Quentin Tarantino films have a way about them. They are talky, violent, satirical, nostalgic of the 1970s, and excessive—populated as they are with despicable characters, including the protagonists, who know how to talk the talk of the disreputable walk they walk.
Now comes Tarantino’s latest, The Hateful Eight, in throwback “roadshow release,” complete with 70mm Ultra-Panavision format, opening “overture,” an intermission, absence of trailers, and a promise of a shorter, trimmed down version for its future “general release.” (Those born after 1970 will have little idea what I’m talking about here. But I really wish there’d been an in-theater souvenir program to go with it. I’d have bought it in a heartbeat!)
I went to see The Hateful Eight on Christmas. Why? Because it’s a Christmas movie, of course—a ruthless spaghetti-style western set in snowy Wyoming to strains of “Silent Night” played with faltering hesitancy on an out-of-tune piano by a criminal gang member.
It all starts, reminiscent of the opening scene in Battle of the Bulge (1965), with a wide panoramic shot of snowy landscape. Then, a stagecoach, like the lone car that opens the equally neo-noir Fargo (1996), gradually appears from the distance to slowly become a focus of attention.
This stagecoach has been reserved at some expense for the exclusive use of bounty hunter John “The Hangman” Ruth (Kurt Russell) and his prisoner Daisy Domergue (Jennifer Jason Leigh) enroute to Red Rock where she’s to be turned over for a $10,000 bounty, a trial, and a hanging. But because a blizzard is on the stagecoach’s tail, these travelers will do well to reach an isolated way station in time, quaintly named “Minnie’s Haberdashery.” Such progress is nonetheless interrupted by an encounter with another bounty hunter, Marquis Warren (Samuel L. Jackson), a former Union major in the late Civil War, and then by the incoming sheriff of Red Rock, Chris Mannix (Walton Goggins), a former Confederate marauder. Despite these competitive interests and historic animosities, the four (besides the driver) manage to stay just cordial enough to occupy the same stagecoach and reach the way station.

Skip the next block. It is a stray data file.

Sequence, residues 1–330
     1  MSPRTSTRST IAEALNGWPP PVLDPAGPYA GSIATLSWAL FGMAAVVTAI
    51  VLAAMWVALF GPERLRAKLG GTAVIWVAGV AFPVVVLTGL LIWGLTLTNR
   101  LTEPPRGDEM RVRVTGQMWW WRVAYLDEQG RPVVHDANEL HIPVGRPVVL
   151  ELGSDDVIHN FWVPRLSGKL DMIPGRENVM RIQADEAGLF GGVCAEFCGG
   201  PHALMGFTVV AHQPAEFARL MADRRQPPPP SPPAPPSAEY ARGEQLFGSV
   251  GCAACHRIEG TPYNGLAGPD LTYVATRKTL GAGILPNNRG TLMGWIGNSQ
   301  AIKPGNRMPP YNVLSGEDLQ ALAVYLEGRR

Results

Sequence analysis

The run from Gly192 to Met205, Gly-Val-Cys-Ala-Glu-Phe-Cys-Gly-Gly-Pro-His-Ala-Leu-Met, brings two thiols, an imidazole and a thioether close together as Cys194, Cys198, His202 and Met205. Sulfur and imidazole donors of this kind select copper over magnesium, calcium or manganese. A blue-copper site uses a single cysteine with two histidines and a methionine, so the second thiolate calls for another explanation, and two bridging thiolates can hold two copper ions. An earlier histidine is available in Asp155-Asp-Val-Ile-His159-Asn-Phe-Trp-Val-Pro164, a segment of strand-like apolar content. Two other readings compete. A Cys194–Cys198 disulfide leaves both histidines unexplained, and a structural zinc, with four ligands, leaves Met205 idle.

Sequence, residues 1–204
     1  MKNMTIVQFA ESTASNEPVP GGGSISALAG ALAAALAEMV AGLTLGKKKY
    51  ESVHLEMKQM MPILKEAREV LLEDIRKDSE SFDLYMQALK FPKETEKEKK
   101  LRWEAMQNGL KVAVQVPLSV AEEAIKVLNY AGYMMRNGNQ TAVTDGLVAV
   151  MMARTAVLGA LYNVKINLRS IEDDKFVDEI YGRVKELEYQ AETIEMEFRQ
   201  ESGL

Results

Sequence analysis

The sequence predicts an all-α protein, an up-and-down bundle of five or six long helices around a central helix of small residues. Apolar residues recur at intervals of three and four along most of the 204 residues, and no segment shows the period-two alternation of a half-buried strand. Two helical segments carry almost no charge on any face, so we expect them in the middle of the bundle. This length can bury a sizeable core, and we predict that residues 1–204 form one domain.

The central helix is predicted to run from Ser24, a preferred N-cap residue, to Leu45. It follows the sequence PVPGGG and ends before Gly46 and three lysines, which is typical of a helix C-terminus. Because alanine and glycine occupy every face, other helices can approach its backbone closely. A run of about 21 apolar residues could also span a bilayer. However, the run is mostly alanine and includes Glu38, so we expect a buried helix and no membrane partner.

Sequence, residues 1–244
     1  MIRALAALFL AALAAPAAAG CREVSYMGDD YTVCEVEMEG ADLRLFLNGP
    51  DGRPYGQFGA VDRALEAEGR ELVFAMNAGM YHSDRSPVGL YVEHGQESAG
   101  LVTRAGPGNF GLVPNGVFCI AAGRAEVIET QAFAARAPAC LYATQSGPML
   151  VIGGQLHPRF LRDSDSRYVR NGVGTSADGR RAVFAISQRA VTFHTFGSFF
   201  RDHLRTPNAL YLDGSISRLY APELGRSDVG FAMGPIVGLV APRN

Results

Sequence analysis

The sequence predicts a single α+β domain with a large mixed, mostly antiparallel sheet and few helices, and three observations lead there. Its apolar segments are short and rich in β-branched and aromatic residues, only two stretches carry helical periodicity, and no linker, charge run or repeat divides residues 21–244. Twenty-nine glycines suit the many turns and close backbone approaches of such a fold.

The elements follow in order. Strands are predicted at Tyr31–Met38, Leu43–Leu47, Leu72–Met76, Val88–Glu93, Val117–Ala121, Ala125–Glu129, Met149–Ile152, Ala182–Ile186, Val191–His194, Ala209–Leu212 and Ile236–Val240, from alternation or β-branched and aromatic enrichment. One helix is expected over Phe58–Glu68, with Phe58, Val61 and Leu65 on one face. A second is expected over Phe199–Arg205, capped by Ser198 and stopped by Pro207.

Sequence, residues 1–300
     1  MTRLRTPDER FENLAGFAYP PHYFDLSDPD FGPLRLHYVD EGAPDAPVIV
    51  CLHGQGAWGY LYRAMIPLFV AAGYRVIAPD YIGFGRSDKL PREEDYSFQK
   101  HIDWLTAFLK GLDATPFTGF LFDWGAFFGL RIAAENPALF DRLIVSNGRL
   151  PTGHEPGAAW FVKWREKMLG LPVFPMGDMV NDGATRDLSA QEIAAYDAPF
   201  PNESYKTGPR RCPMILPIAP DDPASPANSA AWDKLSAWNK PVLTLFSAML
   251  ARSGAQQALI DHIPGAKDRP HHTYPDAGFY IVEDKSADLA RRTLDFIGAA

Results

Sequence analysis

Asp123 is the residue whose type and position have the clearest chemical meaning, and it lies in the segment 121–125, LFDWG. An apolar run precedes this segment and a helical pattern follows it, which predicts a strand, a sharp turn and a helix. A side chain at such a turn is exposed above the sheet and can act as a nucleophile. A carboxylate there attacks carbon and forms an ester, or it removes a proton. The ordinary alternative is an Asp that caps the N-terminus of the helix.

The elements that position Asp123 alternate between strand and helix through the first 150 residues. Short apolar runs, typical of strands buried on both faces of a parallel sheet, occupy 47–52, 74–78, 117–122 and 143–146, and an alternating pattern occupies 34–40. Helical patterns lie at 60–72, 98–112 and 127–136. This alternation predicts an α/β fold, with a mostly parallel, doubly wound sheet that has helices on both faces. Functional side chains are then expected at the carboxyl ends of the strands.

At Minnie’s Haberdashery they encounter four more characters: Bob (Demian Bichir), Oswaldo Mobray (Tim Roth), Joe Gage (Michael Madsen), and former Confederate General Sandy Smithers (Bruce Dern). Do the two groups of four (not counting the driver) add up to the “hateful eight” of the film’s title? Well, they are all shown to be pretty hateful. But other characters make appearances, mostly in flashback, and at least one of them is pretty important and awfully hateful too. So I think the title is actually derived from the fact that this is billed as Tarantino’s eighth film (he says he’ll only make ten), and some people really hate his work.
Certainly this is Tarantino at his most Tarantino, which means it definitely isn’t a film for the squeamish. I’m sure the n-word has never been used so many times in one film in the entire history of cinema. He must have decided to go for the record. The Hateful Eight also contains continuous abuse (and multiple murders) of women, approving references to torture and terror, male frontal nudity and simulated oral sex, and all the gratuitous carnage of a splatter film. (But no animals were harmed or even made to look like they were.)
So what’s the point? Where’s the artistry and social consciousness that would interest a humanist like me? The answer is, everywhere and throughout.
In this film we are exposed to what racism and sexism look like when regarded as approved behavior. We peer into life as experienced and survived by racial and ethnic minorities. We see the effects of war on the human psyche and learn the ruthlessness of combat itself along with the suffering of war prisoners. And we witness the ease with which innocent people can be made victims of organized criminal activities.
Then there are the philosophical moments. I said Tarantino films are talky. So we are treated to an explanation of justice as a concept, observe skepticism at work in exposing a sham, and learn the value to oppressed people of calculated dishonesty.
Moreover, as a film with a small but diverse cast, we see the Old West as we’ve rarely seen it before. There are capable women (stuntwoman-actress Zoë Bell plays stagecoach driver Six-Horse Judy and actress-singer-songwriter Dana Gourrier is businesswoman Minnie Mink). There is a happy interracial relationship. And a black man demonstrates that he’s the smartest guy in the room as he turns this western yarn into a whodunit murder mystery.
But overall, the film is an exercise in social and cinematic satire, with much of its offensive language, abusive behavior, and outrageous violence more comical than serious. Thus in The Hateful Eight, Quentin Tarantino shows us once again that he knows how to take it over the top without toppling over.